Location: Vegetable ResearchTitle: Methyl jasmonate-induction of cotton: a field test of the “attract and reward” strategy of conservation biological control
|RODRIGUEZ-SAONA, CESAR - Rutgers University|
|CASTLE DEL CONTE, SANDRA - University Of Idaho|
Submitted to: AoB Plants
Publication Type: Peer Reviewed Journal
Publication Acceptance Date: 7/11/2017
Publication Date: 7/17/2017
Citation: Williams III, L.H., Rodriguez-Saona, C., Castle Del Conte, S.C. 2017. Methyl jasmonate-induction of cotton: a field test of the “attract and reward” strategy of conservation biological control. AoB Plants. 9(5):plx032. https://doi:10.1093/aobpla/plx032.
Interpretive Summary: Beneficial insects are useful in killing insect crop pests, but the potential for utilizing beneficial insects remains untapped, partly due to the lack of experiments evaluating proposed control approaches. The “attract and reward” strategy takes advantage of a pest-damaged plant’s ability to produce odors as ‘distress signals’ to attract beneficial insects, and then reward these insects with excessive nectar production. Although this hypothesis sounds convincing, it has not been rigorously evaluated in crop fields. We conducted a field study to investigate the effects of a plant-produced chemical that initiates plant defense responses, and evaluated the effect on three levels: the crop plant, insect pests, and beneficial insects. We made applications of the chemical to cotton plants and measured odor emission, nectar production, and yield. We also assessed insect abundance, insect performance, and attack of pest insect eggs by beneficial insects. Our results showed that application of the chemical increased emission of several odors and production of nectar, but not yield. Despite increased odor and nectar production, application of the chemical did not affect pest performance, or death of pest eggs due to beneficial insects, and only marginally influenced insect abundance. Overall, treatment of cotton with the plant chemical affected the plants, but not the pest or beneficial insects. Our findings indicate that much remains to be learned before crop physiology can be manipulated to reliably and consistently enhance pest control by beneficial insects.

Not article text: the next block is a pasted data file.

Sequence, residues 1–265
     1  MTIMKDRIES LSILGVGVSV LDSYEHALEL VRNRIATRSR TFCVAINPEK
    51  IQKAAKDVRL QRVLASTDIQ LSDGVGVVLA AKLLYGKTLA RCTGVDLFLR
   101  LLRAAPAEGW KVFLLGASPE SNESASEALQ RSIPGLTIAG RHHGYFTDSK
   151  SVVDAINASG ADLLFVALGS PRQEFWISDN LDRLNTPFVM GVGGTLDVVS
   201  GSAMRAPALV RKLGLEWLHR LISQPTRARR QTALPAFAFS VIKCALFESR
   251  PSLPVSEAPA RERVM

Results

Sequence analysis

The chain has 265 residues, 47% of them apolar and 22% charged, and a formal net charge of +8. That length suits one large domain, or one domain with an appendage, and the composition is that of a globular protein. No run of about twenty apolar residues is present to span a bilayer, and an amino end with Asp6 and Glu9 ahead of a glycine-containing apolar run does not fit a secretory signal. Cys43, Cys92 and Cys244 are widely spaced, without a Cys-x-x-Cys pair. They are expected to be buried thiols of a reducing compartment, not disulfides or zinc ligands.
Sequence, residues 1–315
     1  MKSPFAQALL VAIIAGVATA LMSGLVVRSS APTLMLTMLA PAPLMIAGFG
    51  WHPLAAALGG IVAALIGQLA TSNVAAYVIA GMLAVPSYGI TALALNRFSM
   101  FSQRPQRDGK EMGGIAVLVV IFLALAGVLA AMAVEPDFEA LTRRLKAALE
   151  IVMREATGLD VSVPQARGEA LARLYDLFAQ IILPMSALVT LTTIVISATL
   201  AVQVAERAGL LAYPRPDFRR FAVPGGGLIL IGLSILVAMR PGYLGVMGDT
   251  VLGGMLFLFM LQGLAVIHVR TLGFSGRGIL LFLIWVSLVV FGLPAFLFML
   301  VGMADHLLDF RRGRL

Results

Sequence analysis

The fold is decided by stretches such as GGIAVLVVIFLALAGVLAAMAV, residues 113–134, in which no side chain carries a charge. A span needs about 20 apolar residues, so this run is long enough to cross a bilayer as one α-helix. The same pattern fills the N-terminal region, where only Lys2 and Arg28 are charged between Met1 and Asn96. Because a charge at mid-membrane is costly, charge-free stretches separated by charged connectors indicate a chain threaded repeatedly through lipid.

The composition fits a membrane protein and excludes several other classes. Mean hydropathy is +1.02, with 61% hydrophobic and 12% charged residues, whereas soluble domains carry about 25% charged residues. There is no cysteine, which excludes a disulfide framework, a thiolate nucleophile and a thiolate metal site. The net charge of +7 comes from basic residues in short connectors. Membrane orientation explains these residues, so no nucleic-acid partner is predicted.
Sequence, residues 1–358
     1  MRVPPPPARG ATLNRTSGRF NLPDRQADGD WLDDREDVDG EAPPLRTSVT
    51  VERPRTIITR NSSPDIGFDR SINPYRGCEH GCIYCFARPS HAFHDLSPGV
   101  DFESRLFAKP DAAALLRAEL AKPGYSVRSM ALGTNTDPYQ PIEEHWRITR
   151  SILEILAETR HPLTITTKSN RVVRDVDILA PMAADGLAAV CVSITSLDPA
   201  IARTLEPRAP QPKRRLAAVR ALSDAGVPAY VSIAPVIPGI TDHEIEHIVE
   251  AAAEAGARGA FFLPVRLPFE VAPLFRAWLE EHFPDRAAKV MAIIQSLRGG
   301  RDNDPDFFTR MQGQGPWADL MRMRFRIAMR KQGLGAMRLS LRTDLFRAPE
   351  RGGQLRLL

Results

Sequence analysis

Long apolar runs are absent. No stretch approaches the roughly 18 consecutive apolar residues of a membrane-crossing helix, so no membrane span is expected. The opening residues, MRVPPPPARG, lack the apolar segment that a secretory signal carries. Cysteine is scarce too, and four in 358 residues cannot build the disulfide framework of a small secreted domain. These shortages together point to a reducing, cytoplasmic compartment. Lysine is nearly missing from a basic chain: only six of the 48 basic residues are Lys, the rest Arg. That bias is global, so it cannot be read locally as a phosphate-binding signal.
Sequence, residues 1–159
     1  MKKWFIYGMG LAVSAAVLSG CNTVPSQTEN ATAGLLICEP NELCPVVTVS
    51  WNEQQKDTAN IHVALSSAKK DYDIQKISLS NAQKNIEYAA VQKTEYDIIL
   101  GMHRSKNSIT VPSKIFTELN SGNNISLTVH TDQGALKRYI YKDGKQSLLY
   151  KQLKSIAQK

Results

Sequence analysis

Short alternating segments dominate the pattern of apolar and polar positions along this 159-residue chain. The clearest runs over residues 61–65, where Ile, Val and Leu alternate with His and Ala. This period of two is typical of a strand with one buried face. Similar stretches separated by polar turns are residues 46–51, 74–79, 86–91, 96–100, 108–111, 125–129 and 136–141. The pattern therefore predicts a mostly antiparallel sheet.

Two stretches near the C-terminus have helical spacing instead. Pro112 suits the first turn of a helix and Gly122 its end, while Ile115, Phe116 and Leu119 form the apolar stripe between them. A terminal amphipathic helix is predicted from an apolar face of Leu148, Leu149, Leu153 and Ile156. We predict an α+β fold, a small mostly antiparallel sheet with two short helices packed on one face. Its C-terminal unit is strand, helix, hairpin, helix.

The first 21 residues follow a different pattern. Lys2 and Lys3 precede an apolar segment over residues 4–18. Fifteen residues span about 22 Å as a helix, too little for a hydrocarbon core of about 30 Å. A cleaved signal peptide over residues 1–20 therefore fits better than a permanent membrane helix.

Technical Abstract: Natural or synthetic elicitors can affect plant physiology by stimulating direct and indirect defense responses to herbivores. For example, increased production of plant secondary metabolites, a direct response, can negatively impact herbivore survival, development, and fecundity. Indirect responses include increased emission of plant volatiles that influence herbivore and natural enemy behavior, and production of extrafloral nectar (EFN) that serves as a food source for natural enemies after their arrival on induced plants. Therefore, use of elicitors has potential for the study of basic aspects of tritrophic interactions, as well as application in biorational pest control, i.e., an “attract and reward” strategy. We conducted a field study to investigate the effects of methyl jasmonate (MeJA), an elicitor of plant defense responses, on three trophic levels: the plant, herbivores, and natural enemies. We made exogenous applications of MeJA to transgenic cotton and measured volatile emission, EFN production, and plant performance (yield). We also assessed insect abundance, insect performance, and parasitism and predation of brown stink bug, Euschistus servus (Say), eggs in MeJA-treated and untreated control plots. Application of MeJA increased emission of several volatiles and production of EFN, but not yield, compared to the control treatment. Despite increased volatile and EFN production, MeJA application did not affect plant bug performance, or mortality of E. servus egg masses, and only marginally influenced insect abundance. Mortality of E. servus eggs varied over the course of the study. Overall, MeJA treatment affected cotton plant-induced responses, but not the insects that inhabit the plants. Factors that may have influenced our results include spatially and temporally variable patterns of volatile diffusion and the subsequent effect on natural enemy behavior; and density dependent interactions between natural enemies and their hosts. Much remains to be learned before crop physiology can be manipulated to enhance pest control.